Homeless count needs to be coupled with funding boost
AUCKLAND ACTION AGAINST POVERTY
Homeless count needs to be coupled with additional funding boost
Auckland Mayor Phil Goff’s announcement to count every homeless person in Auckland must be met with a commitment by local and central Government to further increase funding for public housing initiatives in order to genuinely end homelessness. Auckland Action Against Poverty welcomes the move by local Government to put an end to homelessness rather than manage it, and is calling on Phil Goff to work with central Government to increase funding to housing initiatives and roll out the Housing First programme across the public sector.
“Organisations working in the frontlines know that the housing infrastructure in Auckland is simply not fit for purpose to put an end to homelessness in our city. While a decisive count will help give local and central Government a clearer picture of the levels of homelessness, it will need to be coupled with a review its Budget Responsibility Rules and housing policy to ensure that an appropriate response is undertaken”, says Ricardo Menendez March, Auckland Action Against Poverty Coordinator.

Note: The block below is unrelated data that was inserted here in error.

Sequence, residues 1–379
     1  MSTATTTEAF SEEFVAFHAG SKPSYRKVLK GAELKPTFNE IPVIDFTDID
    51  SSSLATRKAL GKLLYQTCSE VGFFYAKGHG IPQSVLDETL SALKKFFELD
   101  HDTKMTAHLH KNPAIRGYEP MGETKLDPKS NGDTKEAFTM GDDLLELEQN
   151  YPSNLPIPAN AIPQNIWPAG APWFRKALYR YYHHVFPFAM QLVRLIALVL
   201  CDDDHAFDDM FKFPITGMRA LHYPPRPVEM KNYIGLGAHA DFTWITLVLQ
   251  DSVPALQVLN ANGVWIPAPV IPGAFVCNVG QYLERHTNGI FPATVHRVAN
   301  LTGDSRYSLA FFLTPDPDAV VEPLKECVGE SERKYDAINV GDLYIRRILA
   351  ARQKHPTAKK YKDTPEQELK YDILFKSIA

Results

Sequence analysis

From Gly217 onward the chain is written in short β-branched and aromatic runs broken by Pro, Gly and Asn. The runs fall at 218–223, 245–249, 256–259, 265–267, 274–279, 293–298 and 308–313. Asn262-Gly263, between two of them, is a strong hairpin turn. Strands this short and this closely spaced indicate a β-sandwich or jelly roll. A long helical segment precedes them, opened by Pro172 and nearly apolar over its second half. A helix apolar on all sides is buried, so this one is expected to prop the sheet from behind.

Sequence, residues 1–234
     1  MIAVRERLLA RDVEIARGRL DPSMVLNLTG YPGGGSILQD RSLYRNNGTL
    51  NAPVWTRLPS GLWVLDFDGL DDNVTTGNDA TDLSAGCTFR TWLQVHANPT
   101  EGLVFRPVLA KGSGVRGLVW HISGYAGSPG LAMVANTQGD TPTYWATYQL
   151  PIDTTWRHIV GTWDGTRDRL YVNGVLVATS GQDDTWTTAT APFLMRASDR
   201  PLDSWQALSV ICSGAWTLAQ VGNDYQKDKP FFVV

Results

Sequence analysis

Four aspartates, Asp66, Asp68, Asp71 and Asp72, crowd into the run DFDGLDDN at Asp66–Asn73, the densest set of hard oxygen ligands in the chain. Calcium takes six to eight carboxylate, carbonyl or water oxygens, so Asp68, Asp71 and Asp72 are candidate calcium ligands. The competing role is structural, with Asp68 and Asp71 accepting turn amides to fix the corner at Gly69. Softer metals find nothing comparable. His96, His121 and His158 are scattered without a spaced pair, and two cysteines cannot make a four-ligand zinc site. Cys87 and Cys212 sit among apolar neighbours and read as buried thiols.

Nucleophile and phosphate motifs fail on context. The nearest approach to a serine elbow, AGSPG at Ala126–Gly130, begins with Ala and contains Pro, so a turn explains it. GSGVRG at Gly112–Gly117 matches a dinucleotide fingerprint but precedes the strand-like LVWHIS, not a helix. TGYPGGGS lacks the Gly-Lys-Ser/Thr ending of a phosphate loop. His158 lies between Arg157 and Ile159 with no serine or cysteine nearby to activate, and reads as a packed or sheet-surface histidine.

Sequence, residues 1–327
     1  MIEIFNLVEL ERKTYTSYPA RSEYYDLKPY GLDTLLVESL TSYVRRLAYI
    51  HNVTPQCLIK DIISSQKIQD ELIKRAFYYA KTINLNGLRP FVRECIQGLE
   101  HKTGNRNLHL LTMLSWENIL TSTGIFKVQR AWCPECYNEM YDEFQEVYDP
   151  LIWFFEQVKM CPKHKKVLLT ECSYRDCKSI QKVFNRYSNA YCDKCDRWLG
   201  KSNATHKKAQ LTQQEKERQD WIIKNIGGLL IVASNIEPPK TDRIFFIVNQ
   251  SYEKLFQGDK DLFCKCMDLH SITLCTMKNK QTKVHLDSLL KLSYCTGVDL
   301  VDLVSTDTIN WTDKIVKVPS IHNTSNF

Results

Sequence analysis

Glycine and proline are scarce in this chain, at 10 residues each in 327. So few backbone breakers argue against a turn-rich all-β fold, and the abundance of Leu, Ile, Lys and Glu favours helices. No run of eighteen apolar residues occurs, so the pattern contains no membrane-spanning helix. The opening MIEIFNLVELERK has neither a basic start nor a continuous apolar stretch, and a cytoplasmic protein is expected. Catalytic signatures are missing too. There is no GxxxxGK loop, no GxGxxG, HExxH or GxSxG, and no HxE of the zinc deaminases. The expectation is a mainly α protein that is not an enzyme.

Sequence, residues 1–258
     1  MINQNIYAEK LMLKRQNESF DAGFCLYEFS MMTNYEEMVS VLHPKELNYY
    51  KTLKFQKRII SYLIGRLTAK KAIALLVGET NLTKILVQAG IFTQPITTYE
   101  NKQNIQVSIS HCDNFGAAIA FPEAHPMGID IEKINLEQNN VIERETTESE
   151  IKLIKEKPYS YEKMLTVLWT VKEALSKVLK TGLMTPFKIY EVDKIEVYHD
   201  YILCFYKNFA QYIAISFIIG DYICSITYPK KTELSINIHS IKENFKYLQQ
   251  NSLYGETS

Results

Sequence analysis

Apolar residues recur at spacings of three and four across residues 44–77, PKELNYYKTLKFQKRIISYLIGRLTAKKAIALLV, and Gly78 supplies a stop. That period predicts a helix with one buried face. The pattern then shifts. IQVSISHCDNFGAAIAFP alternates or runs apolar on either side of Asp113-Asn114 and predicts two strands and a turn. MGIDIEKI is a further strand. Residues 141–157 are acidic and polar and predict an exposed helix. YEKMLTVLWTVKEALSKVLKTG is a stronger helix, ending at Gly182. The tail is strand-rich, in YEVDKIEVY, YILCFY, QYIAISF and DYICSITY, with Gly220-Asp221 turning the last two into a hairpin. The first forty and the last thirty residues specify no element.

“It’s difficult to imagine Government genuinely putting an end to homelessness with its current policies. State homes are not being built fast enough and the current Housing First initiatives are only being made available to those considered to be chronically homeless. To make matters worse, homes being built under the Kiwibuild scheme will be made available to rich speculators at a time where low income earners are struggling more than ever to find a home to live in. Access to permanent, secure housing should be the first step in any programme to address homelessness.
“Auckland Action Against Poverty released a set of demands titled ‘Not Enough Left’ last year in order to address poverty in Aotearoa. One of our key demands was a mass build of state homes, which would include a review of the approach both in the building and the redevelopment of state housing communities. Currently housing redevelopments on public land are not meeting the demands of homeless communities, with a large portion of the houses redeveloped becoming private homes. All the while there are 30,000 empty homes in Auckland that are being either land banked or not utilised for the communities in need.
“Previous homelessness counts, while being restricted to the city centre areas, have failed to action plans to end homelessness. Whether there are clear steps to address homelessness after the count will determine if this is yet another stunt by Government to look as though it is taking action on the issue or a crucial first attempt in putting an end to our fast growing homeless figures.”